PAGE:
The narrator, Mitch Albom, gives a brief introductory explanation of his weekly meetings each Tuesday with Morrie, his former college professor. He depicts these meetings as a continuation of his studies with Morrie, each of them a separate class on the meaning of life. The class had been held in Morrie's home, in his study, where he had watched a pink hibiscus plant shed its leaves. This plant serves as an important symbol throughout the book. Mitch reflects that no grades had been given, and that no books had been required for his final class with Morrie. A funeral, he says, had been held in place of a graduation, and his final thesis paper is the book that follows.
In a flashback, Mitch remembers his graduation from Brandeis University in Waltham, Massachusetts. On a hot Saturday afternoon in the late spring of 1979, hundreds of graduating students sit on the main campus lawn in blue nylon robes. After he receives his diploma, Mitch approaches Morrie, his favorite professor, and introduces him to his parents. Mitch describes Morrie as a very small, fragile-looking older man with crooked teeth and a big smile. Morrie tells Mitch's parents that their son has taken every one of his classes, and that they have a "very special boy," a compliment that embarrasses Mitch. Before he leaves, Mitch presents Morrie with a tan briefcase that he has had engraved with Morrie's initials. Mitch wants to give a special gift to Morrie so that they will never forget one another. Morrie hugs Mitch and tells him to keep in touch, which Mitch promises to do. When they break from the hug, Mitch notices that Morrie is crying.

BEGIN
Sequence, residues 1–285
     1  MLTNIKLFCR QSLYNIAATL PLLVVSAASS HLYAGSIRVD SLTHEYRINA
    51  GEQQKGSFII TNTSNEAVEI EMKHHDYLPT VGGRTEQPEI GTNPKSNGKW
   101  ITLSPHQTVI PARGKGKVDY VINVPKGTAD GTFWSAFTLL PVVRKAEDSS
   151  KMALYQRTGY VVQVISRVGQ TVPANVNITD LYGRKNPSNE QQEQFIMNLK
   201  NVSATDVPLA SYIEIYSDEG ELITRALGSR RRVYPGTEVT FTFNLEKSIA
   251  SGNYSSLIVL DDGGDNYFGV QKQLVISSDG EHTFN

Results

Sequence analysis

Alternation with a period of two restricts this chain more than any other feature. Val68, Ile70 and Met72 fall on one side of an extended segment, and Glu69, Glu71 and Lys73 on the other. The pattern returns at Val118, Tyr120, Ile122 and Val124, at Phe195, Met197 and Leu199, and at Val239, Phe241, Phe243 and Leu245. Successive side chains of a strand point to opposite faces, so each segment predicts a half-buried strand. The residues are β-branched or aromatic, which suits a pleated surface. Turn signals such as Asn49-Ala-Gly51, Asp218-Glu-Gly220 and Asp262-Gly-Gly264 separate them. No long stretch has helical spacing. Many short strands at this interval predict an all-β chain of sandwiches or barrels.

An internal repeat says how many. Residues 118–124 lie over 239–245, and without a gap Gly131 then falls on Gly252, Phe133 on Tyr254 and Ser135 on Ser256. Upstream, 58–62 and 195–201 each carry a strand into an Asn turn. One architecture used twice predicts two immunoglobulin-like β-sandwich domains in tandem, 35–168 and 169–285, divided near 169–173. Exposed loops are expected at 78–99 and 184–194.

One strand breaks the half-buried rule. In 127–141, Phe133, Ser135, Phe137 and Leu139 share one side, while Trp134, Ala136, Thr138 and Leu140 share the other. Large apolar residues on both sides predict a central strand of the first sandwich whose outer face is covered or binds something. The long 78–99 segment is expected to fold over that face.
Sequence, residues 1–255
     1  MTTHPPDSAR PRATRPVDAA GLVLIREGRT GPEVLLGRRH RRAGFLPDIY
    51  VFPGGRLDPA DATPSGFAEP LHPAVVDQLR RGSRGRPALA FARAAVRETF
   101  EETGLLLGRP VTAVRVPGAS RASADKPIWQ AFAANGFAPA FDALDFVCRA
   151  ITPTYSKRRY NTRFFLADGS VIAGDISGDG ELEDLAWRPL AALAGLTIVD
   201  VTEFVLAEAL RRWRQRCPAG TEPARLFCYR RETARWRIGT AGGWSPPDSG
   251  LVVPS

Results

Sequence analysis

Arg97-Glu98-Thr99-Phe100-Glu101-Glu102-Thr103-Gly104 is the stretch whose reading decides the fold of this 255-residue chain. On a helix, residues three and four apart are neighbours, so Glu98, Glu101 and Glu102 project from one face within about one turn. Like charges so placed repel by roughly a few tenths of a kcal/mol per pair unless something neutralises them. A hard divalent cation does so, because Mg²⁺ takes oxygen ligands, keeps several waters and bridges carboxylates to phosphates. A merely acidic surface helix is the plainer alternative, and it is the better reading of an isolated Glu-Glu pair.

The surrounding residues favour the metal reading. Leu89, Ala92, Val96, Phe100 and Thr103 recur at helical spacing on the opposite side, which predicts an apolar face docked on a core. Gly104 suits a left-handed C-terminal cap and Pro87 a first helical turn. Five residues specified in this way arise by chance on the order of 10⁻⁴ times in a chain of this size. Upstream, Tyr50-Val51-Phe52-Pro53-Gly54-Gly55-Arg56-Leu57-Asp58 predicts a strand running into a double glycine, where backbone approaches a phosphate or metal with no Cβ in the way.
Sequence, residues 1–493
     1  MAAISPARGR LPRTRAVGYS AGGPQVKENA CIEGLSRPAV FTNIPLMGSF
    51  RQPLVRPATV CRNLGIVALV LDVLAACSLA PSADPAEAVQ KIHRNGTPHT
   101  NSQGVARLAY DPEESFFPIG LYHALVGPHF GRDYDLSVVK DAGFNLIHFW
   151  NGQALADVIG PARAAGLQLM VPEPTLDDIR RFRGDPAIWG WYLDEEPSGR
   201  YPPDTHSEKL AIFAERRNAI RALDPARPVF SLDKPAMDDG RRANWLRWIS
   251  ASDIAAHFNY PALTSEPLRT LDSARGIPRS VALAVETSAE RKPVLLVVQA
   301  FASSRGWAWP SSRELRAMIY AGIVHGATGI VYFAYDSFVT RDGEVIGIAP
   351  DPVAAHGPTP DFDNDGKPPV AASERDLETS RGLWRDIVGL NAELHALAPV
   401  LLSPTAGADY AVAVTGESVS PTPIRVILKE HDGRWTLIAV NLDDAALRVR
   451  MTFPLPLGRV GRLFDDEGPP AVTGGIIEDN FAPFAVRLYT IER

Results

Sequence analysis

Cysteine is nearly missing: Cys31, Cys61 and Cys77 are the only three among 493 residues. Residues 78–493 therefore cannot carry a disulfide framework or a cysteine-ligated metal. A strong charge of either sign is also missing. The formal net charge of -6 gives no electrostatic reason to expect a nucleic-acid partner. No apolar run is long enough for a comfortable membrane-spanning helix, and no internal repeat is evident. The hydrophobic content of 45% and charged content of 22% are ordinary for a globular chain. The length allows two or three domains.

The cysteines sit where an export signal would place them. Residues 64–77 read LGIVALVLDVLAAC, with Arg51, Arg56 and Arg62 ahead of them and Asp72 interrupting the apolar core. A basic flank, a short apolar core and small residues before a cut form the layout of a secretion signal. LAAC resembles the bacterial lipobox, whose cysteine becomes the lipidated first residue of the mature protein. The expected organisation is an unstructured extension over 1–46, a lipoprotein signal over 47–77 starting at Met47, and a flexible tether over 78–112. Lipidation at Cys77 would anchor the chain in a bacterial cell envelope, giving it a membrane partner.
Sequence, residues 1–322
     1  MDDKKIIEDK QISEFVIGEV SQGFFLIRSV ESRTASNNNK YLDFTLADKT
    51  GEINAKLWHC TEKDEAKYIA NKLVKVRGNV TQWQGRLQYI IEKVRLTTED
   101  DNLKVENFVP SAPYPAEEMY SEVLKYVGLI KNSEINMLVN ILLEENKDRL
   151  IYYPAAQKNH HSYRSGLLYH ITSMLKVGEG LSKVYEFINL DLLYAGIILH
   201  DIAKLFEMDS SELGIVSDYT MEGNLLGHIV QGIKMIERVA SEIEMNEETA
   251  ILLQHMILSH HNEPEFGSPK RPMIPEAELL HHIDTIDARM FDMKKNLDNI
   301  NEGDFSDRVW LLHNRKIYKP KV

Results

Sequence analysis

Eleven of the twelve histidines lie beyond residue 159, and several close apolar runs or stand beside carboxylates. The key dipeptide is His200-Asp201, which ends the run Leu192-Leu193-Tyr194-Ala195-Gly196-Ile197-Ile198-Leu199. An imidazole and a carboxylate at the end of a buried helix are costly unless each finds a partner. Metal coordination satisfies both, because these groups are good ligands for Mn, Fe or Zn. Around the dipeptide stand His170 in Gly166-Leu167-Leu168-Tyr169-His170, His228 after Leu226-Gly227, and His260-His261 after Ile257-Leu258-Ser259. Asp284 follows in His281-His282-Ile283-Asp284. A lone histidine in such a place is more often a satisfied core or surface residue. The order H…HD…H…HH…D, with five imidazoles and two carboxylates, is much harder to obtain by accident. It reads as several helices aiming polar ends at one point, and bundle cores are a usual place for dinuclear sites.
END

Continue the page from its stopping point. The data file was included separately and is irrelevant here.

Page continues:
Morrie's "death sentence" had arrived in the summer of 1994, when he had given up dancing. He had loved to dance, regardless of what kind of music was being played. In his health, he would go to a church in Harvard Square each Wednesday night for an event called "Dance Free," which catered mainly to students and other young people. Morrie, a distinguished doctor of sociology, would go in sweat pants and a T-shirt, and dance all night until he was soaked with sweat.
However, when Morrie had developed asthma in his sixties, the dancing stopped. One day as he was along the Charles River, a cold gust of wind had left him breathless, and he was rushed to the hospital and injected with adrenaline. A few years later, he had trouble walking and fell down the stairs at a theater. Most had seen these health problems as common symptoms of old age, but Morrie had known that it was something more serious, as he had dreams of dying and was weary all the time. Doctors had found nothing wrong from his blood and urine samples, though after testing a muscle biopsy, had diagnosed Morrie with a neurological problem.